Titanfall isn’t all bad, but I am more than a little miffed at how it’s been presented and how difficult it is to enjoy. The graphics are top-notch and as realistic as anything else on the shelves today. From the war-torn used-universe feel of the stages to the explosions and other spectacular displays of light, Titanfall may be the industry’s finest visual achievement yet. Make sure you find a high spot near the corner of an arena now and then to appreciate how much work has gone into every graphical detail from the Titans themselves to the sights on certain weapons. The music is nothing to sneeze at either, with rich arrangements reminiscent of a film score.
When you finally do start to get the hang of navigating through and interacting with the environment, Titanfall can be fun. Blowing up stuff is always fun, and it’s hard not to feel good once you quit coming in at last place. The needed investment of time, at least for me, became a point of frustration. I got up to around level 25 or so – from playing poorly – before I was able to really start mastering the game’s basics. However, even after improving one’s skills, there’s still nothing to do here but essentially compete in online death matches which can get a little boring.
The issue here is that Respawn wanted to develop a game for hardcore FPS players. There’s nothing wrong with the concept, but certain standards should’ve been addressed accordingly. Titanfall began building up hype more than 5 months before its actual release, even before the Xbox One itself hit shelves. With such promise and anticipation, it’s more than a little disappointing to see such a limited release in terms of gameplay. The smart approach here would’ve been an XBL download-only release targeting FPS-ers. It’s too damn hard to simply pop Titanfall into your console and start having a blast.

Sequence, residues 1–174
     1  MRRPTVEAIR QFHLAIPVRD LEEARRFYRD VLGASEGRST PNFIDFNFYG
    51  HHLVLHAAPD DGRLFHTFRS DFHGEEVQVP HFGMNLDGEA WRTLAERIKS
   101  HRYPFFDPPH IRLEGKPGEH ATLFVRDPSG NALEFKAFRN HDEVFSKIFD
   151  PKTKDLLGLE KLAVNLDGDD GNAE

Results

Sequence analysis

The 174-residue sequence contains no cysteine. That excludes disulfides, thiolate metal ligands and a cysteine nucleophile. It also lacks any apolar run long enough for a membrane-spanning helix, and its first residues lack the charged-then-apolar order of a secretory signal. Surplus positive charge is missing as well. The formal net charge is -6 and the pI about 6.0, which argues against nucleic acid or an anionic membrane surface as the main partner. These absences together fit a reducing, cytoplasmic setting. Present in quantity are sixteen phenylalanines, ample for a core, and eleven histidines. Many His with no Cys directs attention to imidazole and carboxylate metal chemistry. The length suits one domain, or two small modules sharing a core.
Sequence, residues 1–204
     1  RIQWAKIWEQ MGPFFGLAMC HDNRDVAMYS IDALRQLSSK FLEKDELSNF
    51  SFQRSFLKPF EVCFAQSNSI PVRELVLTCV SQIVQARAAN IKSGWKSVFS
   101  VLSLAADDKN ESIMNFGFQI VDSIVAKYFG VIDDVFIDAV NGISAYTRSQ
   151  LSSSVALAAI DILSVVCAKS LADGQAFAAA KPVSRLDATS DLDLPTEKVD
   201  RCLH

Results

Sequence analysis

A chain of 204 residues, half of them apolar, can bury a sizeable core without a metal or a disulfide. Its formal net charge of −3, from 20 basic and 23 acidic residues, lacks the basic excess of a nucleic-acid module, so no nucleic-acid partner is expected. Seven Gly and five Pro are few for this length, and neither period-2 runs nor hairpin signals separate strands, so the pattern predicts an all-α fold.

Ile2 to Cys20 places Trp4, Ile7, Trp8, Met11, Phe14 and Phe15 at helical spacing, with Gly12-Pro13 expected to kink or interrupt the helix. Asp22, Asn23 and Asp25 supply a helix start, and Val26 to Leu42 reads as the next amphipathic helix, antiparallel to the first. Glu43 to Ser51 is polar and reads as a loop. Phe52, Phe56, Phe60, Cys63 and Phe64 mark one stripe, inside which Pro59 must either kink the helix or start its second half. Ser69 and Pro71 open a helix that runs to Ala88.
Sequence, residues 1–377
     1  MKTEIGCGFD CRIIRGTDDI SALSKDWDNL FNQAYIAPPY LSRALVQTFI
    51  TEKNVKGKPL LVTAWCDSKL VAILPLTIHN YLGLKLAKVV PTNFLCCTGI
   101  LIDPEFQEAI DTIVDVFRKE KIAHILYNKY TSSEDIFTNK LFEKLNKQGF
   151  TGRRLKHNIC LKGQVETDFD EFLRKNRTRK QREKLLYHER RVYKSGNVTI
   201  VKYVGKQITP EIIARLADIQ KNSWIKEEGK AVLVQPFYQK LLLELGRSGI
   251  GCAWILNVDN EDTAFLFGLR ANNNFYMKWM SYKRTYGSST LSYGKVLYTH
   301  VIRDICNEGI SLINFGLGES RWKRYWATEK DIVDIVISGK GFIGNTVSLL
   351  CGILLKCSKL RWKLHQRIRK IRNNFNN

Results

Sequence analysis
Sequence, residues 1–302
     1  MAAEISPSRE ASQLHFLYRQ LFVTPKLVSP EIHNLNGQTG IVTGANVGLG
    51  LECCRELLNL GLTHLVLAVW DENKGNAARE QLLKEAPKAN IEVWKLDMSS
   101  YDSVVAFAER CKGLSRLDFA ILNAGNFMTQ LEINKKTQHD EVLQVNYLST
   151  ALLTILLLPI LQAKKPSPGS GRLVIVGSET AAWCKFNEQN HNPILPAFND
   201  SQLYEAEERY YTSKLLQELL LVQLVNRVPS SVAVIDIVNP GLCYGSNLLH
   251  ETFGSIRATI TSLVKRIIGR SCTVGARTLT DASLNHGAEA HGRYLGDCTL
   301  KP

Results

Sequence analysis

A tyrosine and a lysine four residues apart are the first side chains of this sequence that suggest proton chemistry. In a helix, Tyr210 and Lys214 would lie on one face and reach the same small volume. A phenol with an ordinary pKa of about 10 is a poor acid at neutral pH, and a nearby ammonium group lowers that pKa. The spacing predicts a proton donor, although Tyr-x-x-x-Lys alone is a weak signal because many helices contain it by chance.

Though Titanfall is sure to be a benchmark for the genre, it currently remains a little too inaccessible for newcomers and casual gamers. There’s a lot of currently unrecognized potential in this title, and I sincerely hope that future updates will address some of these issues, namely the limited gamplay modes and continuing match-making improvements. If you’re a thoroughly seasoned online multiplayer FPS veteran, you’ll want to get your hands on Titanfall as soon as possible. If you’re anything else, you may want to hold off on the purchase and find a friend with a copy.
Reviewed by The Cubist
Share This Post